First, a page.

Mr. Speaker, this is just a brief overview of some of the important work being done in this province on these important issues. I am also delighted that our efforts received national recognition in September when we won a Clean16 award for our outstanding work.
Without ongoing action to reduce greenhouse gas emissions and adapt to the impacts of climate change, our communities will be at risk from adverse impacts such as extreme weather events and coastal erosion. But, Mr. Speaker, there are also significant opportunities such as utilizing our vast clean energy resources like Muskrat Falls, enhancing energy efficiency, and improving our province's resilience. This is why we must ensure we are well-placed to seize the opportunities and minimize the risks associated with the transition to a low-carbon global economy.
I look forward to the continued implementation of our action plans as we do our part to help tackle climate change in our province.
The official press release can be found here: http://www.releases.gov.nl.ca/releases/2012/exec/1211n06.htm
12 Days of Climate Change: Facebook Trivia Contest | December 4 - 15, 2012
Enter to win daily prizes and the grand prize of an iPad Mini by testing your knowledge of climate change. All the answers can be easily found on www.turnbackthetide.ca.
There will be 12 questions over 12 days, with daily prizes and a grand prize draw on December 17, 2012, for an iPad Mini.
To enter, visit www.facebook.com/turnbackthetide and:
- Like our page
- Comment on each question with your answer
- Share the question with your friends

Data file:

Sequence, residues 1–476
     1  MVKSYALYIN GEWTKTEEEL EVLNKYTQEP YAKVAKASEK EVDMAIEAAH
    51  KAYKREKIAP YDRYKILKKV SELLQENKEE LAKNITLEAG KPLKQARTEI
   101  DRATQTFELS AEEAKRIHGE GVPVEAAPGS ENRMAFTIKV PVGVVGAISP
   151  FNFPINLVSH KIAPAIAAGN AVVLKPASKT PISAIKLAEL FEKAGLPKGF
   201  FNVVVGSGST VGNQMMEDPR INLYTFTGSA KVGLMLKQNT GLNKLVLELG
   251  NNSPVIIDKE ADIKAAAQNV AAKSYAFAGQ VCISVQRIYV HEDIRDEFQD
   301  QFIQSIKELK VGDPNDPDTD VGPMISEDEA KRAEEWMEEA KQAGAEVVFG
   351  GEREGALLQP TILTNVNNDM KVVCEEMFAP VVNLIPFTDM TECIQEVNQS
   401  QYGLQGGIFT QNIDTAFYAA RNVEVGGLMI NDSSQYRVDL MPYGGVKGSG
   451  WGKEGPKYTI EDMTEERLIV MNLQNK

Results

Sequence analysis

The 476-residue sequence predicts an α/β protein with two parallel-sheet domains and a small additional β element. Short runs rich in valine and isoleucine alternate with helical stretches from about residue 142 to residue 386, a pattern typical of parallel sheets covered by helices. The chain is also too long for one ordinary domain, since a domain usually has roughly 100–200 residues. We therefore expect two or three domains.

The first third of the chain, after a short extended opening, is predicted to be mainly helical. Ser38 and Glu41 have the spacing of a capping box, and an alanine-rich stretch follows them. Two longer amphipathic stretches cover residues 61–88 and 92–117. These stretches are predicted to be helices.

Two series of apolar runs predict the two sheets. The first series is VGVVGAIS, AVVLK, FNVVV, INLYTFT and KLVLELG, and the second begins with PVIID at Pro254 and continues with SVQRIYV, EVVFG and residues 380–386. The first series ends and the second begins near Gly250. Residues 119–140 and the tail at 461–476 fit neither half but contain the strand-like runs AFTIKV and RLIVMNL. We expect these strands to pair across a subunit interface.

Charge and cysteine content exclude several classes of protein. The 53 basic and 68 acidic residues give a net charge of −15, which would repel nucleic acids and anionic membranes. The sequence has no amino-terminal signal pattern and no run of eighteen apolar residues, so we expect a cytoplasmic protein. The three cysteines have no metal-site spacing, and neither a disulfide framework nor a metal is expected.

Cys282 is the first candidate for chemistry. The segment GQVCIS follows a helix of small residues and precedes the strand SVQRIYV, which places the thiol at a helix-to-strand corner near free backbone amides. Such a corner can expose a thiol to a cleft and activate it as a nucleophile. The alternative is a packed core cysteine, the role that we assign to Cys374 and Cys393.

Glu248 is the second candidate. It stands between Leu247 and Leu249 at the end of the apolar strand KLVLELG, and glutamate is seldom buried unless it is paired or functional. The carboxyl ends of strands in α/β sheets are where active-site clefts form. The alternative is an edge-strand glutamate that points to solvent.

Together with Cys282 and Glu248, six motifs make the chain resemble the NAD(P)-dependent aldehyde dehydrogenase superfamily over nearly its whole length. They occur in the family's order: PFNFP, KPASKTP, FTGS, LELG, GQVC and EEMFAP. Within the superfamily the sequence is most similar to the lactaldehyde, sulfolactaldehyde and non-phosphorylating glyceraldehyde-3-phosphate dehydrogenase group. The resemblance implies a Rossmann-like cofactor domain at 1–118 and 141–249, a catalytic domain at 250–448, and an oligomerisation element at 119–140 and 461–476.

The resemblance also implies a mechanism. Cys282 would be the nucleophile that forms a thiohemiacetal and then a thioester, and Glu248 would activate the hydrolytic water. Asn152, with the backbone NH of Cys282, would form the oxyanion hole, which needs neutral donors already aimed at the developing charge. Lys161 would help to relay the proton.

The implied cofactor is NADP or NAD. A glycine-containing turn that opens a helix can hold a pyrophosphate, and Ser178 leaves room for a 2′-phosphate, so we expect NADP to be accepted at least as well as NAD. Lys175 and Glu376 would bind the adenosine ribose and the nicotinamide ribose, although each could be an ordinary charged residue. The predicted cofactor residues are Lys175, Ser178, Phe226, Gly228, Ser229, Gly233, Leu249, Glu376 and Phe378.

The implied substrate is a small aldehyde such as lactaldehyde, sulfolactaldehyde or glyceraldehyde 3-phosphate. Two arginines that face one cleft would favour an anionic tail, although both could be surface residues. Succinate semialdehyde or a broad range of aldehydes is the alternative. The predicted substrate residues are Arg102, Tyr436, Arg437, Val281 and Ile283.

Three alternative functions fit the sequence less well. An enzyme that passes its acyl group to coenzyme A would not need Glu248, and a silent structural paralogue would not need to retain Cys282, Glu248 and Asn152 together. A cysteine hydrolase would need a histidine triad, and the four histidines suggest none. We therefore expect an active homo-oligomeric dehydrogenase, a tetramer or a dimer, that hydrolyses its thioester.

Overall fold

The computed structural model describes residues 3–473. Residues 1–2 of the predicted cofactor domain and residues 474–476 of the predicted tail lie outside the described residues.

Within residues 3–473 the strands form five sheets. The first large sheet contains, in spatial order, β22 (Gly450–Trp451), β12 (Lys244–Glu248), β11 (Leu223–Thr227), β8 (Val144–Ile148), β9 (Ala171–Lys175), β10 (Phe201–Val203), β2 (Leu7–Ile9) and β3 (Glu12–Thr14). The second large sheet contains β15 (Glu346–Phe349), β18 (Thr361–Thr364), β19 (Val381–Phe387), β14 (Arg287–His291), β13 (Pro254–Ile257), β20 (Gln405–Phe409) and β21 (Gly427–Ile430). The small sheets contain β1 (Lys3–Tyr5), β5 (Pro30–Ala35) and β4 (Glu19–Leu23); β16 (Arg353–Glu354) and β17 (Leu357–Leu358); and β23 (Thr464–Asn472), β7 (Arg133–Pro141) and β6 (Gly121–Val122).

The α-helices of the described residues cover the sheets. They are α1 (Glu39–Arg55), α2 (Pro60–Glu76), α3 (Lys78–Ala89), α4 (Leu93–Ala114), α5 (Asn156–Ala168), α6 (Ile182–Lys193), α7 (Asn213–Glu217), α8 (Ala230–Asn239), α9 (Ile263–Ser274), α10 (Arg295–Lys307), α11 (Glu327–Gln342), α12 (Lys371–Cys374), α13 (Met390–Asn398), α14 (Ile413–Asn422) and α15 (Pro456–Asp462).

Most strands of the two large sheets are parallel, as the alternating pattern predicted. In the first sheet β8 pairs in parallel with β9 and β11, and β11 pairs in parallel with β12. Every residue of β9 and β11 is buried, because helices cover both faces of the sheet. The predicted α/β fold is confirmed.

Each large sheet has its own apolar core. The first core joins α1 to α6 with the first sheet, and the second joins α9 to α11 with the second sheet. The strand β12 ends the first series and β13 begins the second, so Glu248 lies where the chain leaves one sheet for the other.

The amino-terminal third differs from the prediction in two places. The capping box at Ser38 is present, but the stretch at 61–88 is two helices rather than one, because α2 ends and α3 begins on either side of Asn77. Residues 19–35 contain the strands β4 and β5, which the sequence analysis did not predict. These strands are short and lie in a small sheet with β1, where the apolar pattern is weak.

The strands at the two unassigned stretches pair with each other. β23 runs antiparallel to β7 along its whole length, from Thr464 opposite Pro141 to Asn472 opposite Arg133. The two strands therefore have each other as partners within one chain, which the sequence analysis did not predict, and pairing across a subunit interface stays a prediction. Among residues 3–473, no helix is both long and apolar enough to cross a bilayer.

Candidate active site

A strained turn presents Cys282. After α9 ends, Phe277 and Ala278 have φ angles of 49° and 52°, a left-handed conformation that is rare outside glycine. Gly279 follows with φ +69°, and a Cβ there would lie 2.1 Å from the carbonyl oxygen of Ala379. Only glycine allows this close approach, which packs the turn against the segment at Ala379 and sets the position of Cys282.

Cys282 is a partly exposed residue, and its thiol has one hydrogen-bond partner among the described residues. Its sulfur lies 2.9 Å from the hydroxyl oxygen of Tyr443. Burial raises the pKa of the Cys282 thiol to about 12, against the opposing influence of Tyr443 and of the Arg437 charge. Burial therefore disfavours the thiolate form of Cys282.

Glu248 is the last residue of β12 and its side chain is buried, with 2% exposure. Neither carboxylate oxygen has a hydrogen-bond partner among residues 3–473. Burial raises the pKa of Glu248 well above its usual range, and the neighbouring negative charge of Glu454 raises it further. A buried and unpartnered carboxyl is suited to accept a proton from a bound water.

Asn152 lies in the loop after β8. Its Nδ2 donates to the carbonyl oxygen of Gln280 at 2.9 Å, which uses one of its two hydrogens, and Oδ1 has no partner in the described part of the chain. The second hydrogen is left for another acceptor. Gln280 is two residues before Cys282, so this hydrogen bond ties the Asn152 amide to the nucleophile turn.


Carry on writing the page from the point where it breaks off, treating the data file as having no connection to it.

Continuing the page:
For the complete set of contest rules, see: 12 Days of Climate Change Contest Rules
International Climate Change Negotiations, Qatar: November 26 - December 7, 2012 | November 26, 2012
Every year the countries that are party to the United Nations Framework Convention on Climate Change (UNFCCC) and the Kyoto Protocol meet to negotiate the rules governing the global approach to mitigating and adapting to climate change. That's over 190 countries, including Canada.
This conference is the main annual international event on climate change. It brings together all the key players with an interest in tackling climate change in one place. This year's conference is taking place in Doha, Qatar from November 26 to December 7, 2012. Thousands of people will attend the conference, including delegates from countries around the world, observers drawn from intergovernmental organizations, civil society and business, and the media.
So what are all these countries trying to achieve? They are trying to agree on a new long-term treaty to provide the framework for global action on climate change to 2020 and beyond. There are two equally important parts to this:
- Addressing how communities around the world can adapt to the impacts of climate change that are now unavoidable; and
- Agreeing how to reduce greenhouse gas emissions to limit or avoid worse impacts of climate change in the future.
As a result of the greenhouse gas emissions that have accumulated in the atmosphere since the Industrial Revolution, the Earth is committed to a certain amount of warming and some impacts are now unavoidable. These impacts will affect people and the environment in many ways, and they will differ depending on where you live in the world. Some of these impacts, like stronger hurricanes and severe heat waves, could be life-threatening. Others, like spreading weeds, will be less serious. And some effects, like longer growing seasons for crops, might even be good. However, as the Earth keeps getting warmer, the negative effects are expected to outweigh the positive ones.